The Robots Are Coming . . . to Your iPad

IEEE Spectrum is proud to unveil Robots for iPad, a fun and engaging app featuring the world’s coolest robots

1 min read
The Robots Are Coming . . . to Your iPad

Robots for iPad app screenshot featured robots

We know you love robots. We love robots, too. In fact, who doesn't love robots? Robots are one of those things that capture the imagination of people of all ages, backgrounds, nationalities. So we're really proud to unveil this project. Robots for iPad is an app featuring the world's coolest robots. If you want to know how robotics is going to change the world, this app is for you.

The app, which is now available in Apple's App Store, includes 126 robots from 19 countries. I could go on and describe the main features, but I think the best way to see what the app is about is to watch this video.

As the video shows, you can spin robots 360 degrees, review detailed technical specs, see photos and videos, and much more. For all the features and screenshots, check out the app's website: http://robotsforipad.com.

We hope you like the app as much as we do. And if your favorite robot (maybe a robot you helped to build) is not in the app, don't worry. Send us an email and we'll try to include it in a future update. If you have other suggestions for the app (should we build an Android version?), send those as well. We want your feedback to make this app even better.

Finally, we would like to thank the hundreds of roboticists, researchers, engineers, and other folks who provided ideas, information, and images for the app. Without YOU this project would not have been possible. So thank you, and keep making awesome robots!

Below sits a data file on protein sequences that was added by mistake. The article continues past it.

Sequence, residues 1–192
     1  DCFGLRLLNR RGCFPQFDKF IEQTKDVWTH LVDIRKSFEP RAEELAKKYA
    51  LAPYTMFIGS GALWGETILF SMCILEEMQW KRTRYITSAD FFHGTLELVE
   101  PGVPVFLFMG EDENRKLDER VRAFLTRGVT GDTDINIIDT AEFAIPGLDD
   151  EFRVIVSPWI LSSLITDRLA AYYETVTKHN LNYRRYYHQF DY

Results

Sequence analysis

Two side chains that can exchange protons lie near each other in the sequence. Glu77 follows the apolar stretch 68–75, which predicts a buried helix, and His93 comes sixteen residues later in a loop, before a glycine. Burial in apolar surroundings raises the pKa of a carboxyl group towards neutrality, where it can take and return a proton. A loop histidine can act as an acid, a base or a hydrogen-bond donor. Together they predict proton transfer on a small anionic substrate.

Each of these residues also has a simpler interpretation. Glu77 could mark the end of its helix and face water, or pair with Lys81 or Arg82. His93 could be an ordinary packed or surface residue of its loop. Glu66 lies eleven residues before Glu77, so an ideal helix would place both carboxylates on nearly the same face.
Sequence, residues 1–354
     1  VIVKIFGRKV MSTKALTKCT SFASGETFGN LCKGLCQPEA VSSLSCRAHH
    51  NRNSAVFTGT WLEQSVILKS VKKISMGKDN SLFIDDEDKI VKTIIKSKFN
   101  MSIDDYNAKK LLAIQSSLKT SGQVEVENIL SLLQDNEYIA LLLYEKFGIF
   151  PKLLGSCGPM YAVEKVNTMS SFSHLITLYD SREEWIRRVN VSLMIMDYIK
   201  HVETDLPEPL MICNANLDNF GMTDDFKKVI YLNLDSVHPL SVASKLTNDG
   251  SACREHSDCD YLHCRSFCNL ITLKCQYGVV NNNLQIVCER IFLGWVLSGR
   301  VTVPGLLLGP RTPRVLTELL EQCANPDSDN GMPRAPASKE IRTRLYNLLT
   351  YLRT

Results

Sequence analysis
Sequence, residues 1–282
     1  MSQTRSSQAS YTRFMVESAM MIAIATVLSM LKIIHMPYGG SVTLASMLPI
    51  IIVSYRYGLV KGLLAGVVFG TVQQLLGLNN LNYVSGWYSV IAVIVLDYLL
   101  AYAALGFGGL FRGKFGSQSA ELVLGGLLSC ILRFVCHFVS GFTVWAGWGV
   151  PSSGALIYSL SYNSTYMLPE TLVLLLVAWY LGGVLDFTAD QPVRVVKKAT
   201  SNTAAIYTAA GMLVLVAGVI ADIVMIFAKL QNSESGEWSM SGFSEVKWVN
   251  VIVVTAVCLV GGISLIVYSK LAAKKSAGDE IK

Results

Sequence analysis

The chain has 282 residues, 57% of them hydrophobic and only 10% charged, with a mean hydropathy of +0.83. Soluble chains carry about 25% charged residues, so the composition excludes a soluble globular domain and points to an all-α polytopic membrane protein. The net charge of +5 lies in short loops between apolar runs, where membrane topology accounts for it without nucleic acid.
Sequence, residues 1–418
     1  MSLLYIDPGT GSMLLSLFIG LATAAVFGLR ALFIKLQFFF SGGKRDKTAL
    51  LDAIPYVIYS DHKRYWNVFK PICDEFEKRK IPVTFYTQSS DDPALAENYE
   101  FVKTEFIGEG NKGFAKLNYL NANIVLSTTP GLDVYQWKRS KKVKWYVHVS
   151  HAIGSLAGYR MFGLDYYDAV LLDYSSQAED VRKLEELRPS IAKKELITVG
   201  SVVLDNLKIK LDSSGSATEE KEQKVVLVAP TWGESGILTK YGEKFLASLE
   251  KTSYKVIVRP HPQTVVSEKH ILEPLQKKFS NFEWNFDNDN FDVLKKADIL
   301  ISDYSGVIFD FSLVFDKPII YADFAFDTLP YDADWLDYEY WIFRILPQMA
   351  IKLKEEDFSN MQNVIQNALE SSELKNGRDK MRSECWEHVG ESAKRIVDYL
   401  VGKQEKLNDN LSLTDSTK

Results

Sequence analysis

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The Bionic-Hand Arms Race

The prosthetics industry is too focused on high-tech limbs that are complicated, costly, and often impractical

12 min read
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A photograph of a young woman with brown eyes and neck length hair dyed rose gold sits at a white table. In one hand she holds a carbon fiber robotic arm and hand. Her other arm ends near her elbow. Her short sleeve shirt has a pattern on it of illustrated hands.

The author, Britt Young, holding her Ottobock bebionic bionic arm.

Gabriela Hasbun. Makeup: Maria Nguyen for MAC cosmetics; Hair: Joan Laqui for Living Proof
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In Jules Verne’s 1865 novel From the Earth to the Moon, members of the fictitious Baltimore Gun Club, all disabled Civil War veterans, restlessly search for a new enemy to conquer. They had spent the war innovating new, deadlier weaponry. By the war’s end, with “not quite one arm between four persons, and exactly two legs between six,” these self-taught amputee-weaponsmiths decide to repurpose their skills toward a new projectile: a rocket ship.

The story of the Baltimore Gun Club propelling themselves to the moon is about the extraordinary masculine power of the veteran, who doesn’t simply “overcome” his disability; he derives power and ambition from it. Their “crutches, wooden legs, artificial arms, steel hooks, caoutchouc [rubber] jaws, silver craniums [and] platinum noses” don’t play leading roles in their personalities—they are merely tools on their bodies. These piecemeal men are unlikely crusaders of invention with an even more unlikely mission. And yet who better to design the next great leap in technology than men remade by technology themselves?

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